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Jakarta Post

Civil groups boycott Yudhoyono'€™s democracy forum in Bali

  • Ina Parlina and Desy Nurhayati

    The Jakarta Post

Jakarta/Denpasar   /   Wed, October 8, 2014   /  09:51 am
Civil groups boycott Yudhoyono'€™s democracy forum in Bali

Standing up for democracy: The leaders of several NGOs stage a protest against the Bali Democracy Forum (BDF) in Jakarta on Tuesday. They declared their organizations would boycott the BDF as the recent passage of the Legislative Institution (MD3) Law and the Regional Elections Law by the House of Representatives was a step backward for Indonesian democracy. JP/Wendra Ajistyatama

Eleven of 14 civil society groups invited to join the Bali Civil Society Forum (BCSF), a side event at the annual intergovernmental Bali Democracy Forum (BDF), have rejected the invites and criticized President Susilo Bambang Yudhoyono as being unqualified to host the event.

Yudhoyono has come under pressure for allowing the passage of the Regional Elections (Pilkada) Law, which abolished direct local elections, although he later issued a government regulation in lieu of law (Perppu) to reinstate direct local elections in response to a nationwide outcry.

It is the first time the BDF, which was initiated by Yudhoyono in 2008, has invited civil society organizations (CSOs) to join the event through the BCSF, scheduled to run from Tuesday to Thursday.

This year'€™s BDF will be the last for Yudhoyono, who is expected to leave office on Oct. 20.

Delegations from 81 countries, including six ministers, six deputy ministers, 61 officials and four international organizations, are expected to attend the forum on Friday.

The 11 CSOs include several democracy and policy advocacy groups, as well as the Civil Society Alliance for Democracy (Yappika), the Center of Indonesian Legal and Policies Studies (PSHKI), the Commission for Missing Persons and Victims of Violence (Kontras) and corruption watchdog Transparency International Indonesia (TII).

The PSHKI'€™s Bivitri Susanti said she suspected Yudhoyono had an ulterior motive for inviting the groups, adding that the event was aimed at being the President'€™s last hurrah.

She also questioned Yudhoyono'€™s decision to only invite the groups this year, despite the fact that some of them had expressed a desire to be involved at earlier editions of the forum.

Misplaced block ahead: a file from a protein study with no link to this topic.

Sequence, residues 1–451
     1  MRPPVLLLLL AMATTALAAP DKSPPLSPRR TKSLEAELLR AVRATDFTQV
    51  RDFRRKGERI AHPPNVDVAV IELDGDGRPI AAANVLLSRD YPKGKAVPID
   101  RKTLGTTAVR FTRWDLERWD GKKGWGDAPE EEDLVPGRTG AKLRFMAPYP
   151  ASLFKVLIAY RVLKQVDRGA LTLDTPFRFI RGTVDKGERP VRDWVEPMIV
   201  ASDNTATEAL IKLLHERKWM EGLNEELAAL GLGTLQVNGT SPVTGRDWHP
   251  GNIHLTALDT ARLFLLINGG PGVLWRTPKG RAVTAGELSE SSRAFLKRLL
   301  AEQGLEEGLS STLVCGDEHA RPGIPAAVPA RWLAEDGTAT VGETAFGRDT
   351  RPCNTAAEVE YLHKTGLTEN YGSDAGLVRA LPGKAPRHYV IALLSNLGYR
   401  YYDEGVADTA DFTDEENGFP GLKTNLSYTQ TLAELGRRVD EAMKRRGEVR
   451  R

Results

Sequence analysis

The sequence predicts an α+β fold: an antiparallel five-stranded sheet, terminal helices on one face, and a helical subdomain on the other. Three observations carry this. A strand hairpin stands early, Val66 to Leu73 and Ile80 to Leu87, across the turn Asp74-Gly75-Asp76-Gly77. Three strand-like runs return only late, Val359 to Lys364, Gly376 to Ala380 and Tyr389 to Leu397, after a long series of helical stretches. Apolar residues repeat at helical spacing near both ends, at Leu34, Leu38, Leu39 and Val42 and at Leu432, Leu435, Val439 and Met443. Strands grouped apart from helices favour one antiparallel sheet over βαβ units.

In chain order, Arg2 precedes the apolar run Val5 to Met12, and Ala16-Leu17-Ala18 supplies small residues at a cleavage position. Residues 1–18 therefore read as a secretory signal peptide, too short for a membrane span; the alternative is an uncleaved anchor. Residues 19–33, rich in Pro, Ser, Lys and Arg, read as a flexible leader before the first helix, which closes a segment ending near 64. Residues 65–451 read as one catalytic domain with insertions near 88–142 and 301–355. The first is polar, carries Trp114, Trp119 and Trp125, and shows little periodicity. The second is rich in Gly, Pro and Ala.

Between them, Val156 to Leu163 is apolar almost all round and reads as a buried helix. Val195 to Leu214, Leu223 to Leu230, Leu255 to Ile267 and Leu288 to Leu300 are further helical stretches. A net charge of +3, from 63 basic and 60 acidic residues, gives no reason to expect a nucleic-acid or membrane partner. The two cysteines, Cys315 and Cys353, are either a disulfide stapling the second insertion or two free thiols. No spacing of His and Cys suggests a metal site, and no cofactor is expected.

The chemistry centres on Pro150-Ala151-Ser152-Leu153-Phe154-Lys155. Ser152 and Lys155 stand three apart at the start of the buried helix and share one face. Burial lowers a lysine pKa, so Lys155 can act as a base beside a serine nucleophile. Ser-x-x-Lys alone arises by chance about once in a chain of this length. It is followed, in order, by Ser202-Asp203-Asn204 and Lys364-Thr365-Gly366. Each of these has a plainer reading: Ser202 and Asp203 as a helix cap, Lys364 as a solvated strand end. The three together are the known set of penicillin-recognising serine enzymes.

'€œHe has opened a Pandora'€™s box on democracy [...] This is not the right moment to celebrate democracy, especially when he wants us to participate in the forum,'€ Bivitri told a press conference on Tuesday.

Members from some of the other groups said another reason for their no-show at the BDF was that democracy'€™s development under Yudhoyono had stagnated.

Yappika director Fransisca Fitri cited findings from an Indonesian Democracy Index (IDI) survey, conducted by the Central Statistics Agency (BPS), to back her claim that democracy had stalled under Yudhoyono.

The 2013 index, which measures civil liberties, democratic institutions and political rights, showed that Indonesia'€™s democracy was in a state of transition, scoring 63.68 points on a 0-100 scale, a 1.05-point improvement from 62.63 in 2012.

However, since the index was first released in 2009, Indonesia'€™s democratic performance as a whole has shown a pattern of decline. In 2013, the country scored 3.62 points less than 2009'€™s IDI of 67.3 points.

Dadang Trisasongko, secretary-general of the TII, said he did not want to be part of a celebration by a government that was not serious about tackling political corruption. '€œMassive political corruption will eventually erode Indonesia'€™s democracy if the government does not take the problem seriously.'€

Dadang cited Transparency International'€™s 2013 Global Corruption Barometer (GCB), which named the police, the House of Representatives and the judiciary as the three most corrupt state institutions in the country.

The survey also found 65 percent of the 1,000 respondents were of the opinion that efforts to eradicate corruption were ineffective.

Noted Muslim scholar Azyumardi Azra, one of the advisors to the BDF'€™s implementing agency, the Institute for Peace and Democracy (IPD), has also decided not to attend the BDF.

'€œI see too many contradictions in our democracy, which Indonesia wants to showcase to the international community. How can the President talk about democracy when in reality, it'€™s nothing more than a gimmick? We saw this in the back-and-forth over the Pilkada Law,'€ he said.

Presidential spokesman Julian Aldrin Pasha responded to the boycott by saying that the civil society groups had made outlandish claims.

He said Indonesia had proved to be one of the most democratic countries in the world.

The BDF will be cochaired by Yudhoyono and Philippine President Benigno Aquino III, while Timor Leste Prime Minister Xanana Gusmao and the Sultan of Brunei Darussalam Hassanal Bolkiah will also join the leaders'€™ session.

The police recently announced that they would not tolerate demonstrations of any kind during the forum, and have banned protesters from staging rallies in Nusa Dua '€” where the BDF will be held '€” and Ngurah Rai International Airport, where the delegations are expected to arrive.

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